Q&A: How to Combat Gossip

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Over the course of his presidential campaign, there have been a lot of rumors spread about Obama's religious background. To what extent might they affect his candidacy?

In a tight election, such rumors might make a meaningful difference, especially for those people who have been exposed to the rumors multiple times among their social network, have not received a refutation, and are not that involved in the political process.

So, how would you assess Obama's response, establishing a site to debunk myths?

Assuming that the rumors surrounding Obama are completely false, the Obama campaign's approach is overall appropriate and effective, though I think more could be done. Specifically, the campaign could tout credible third-party sources more strongly (for example, enlisting the help of a leading conservative in stating that Obama is not and never has been Muslim).

The campaign's rumor-rebutting website could enlist and prominently tout more help from trusted third-party sources. A March 27 Pew Research Center study found that the Obama-is-a-Muslim rumor was believed by only 10% of registered voters, but some subgroups were slightly more likely to believe it (conservative Republicans, conservative Democrats, those who did not attend college, voters from the South and Midwest, rural voters, and white evangelical Protestants).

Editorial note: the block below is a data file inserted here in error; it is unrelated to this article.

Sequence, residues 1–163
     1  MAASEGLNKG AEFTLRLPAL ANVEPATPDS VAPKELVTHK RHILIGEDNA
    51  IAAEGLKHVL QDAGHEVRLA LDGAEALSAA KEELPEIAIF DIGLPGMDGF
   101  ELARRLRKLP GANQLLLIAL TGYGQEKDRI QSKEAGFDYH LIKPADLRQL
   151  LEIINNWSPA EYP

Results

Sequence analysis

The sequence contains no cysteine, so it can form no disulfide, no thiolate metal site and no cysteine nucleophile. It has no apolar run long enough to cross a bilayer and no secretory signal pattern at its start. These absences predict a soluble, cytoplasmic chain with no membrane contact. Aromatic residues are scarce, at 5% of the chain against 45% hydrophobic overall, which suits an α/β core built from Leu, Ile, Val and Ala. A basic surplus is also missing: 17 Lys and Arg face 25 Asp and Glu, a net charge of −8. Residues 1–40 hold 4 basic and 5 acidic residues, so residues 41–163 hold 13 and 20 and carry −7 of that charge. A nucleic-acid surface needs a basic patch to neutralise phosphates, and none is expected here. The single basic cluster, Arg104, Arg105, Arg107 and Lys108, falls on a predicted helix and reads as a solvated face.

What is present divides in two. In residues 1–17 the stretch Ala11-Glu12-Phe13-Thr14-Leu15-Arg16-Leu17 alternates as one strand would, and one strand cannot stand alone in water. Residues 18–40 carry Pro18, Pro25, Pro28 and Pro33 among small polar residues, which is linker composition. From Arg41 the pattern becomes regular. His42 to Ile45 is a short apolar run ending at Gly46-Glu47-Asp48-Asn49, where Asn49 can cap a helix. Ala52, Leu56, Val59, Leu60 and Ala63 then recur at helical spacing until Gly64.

The Obama campaign does have a letter from some religious leaders buried deep on the campaign site. In my opinion, more of these types of letters are needed, especially if the sources are regarded as trustworthy by the above populations. And again, they need to be displayed more prominently; such sources can speak more persuasively than the campaign is able to because of their neutral (or even negative) stakeholder status. McCain employed this tactic effectively when combating innuendo of an inappropriate relationship with a female lobbyist by having his lawyer — a well-known Democrat — strongly defend his character on national TV.

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